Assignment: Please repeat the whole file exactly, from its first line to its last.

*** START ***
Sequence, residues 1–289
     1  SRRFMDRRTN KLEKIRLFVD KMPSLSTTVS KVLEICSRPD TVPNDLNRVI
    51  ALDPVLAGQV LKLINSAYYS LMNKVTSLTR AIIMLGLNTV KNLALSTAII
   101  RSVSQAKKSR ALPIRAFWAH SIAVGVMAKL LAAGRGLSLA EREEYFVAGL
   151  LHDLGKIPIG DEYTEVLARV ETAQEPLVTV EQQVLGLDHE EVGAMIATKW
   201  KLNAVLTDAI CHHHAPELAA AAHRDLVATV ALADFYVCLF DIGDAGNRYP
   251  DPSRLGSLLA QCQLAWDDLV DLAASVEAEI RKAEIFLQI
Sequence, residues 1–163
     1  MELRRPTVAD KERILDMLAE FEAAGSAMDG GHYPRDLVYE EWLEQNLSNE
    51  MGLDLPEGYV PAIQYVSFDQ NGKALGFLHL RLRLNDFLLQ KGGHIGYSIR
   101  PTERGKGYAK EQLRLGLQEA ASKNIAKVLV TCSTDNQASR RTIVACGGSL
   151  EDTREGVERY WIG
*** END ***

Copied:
Sequence, residues 1–289
     1  SRRFMDRRTN KLEKIRLFVD KMPSLSTTVS KVLEICSRPD TVPNDLNRVI
    51  ALDPVLAGQV LKLINSAYYS LMNKVTSLTR AIIMLGLNTV KNLALSTAII
   101  RSVSQAKKSR ALPIRAFWAH SIAVGVMAKL LAAGRGLSLA EREEYFVAGL
   151  LHDLGKIPIG DEYTEVLARV ETAQEPLVTV EQQVLGLDHE EVGAMIATKW
   201  KLNAVLTDAI CHHHAPELAA AAHRDLVATV ALADFYVCLF DIGDAGNRYP
   251  DPSRLGSLLA QCQLAWDDLV DLAASVEAEI RKAEIFLQI
Sequence, residues 1–163
     1  MELRRPTVAD KERILDMLAE FEAAGSAMDG GHYPRDLVYE EWLEQNLSNE
    51  MGLDLPEGYV PAIQYVSFDQ NGKALGFLHL RLRLNDFLLQ KGGHIGYSIR
   101  PTERGKGYAK EQLRLGLQEA ASKNIAKVLV TCSTDNQASR RTIVACGGSL
   151  EDTREGVERY WIG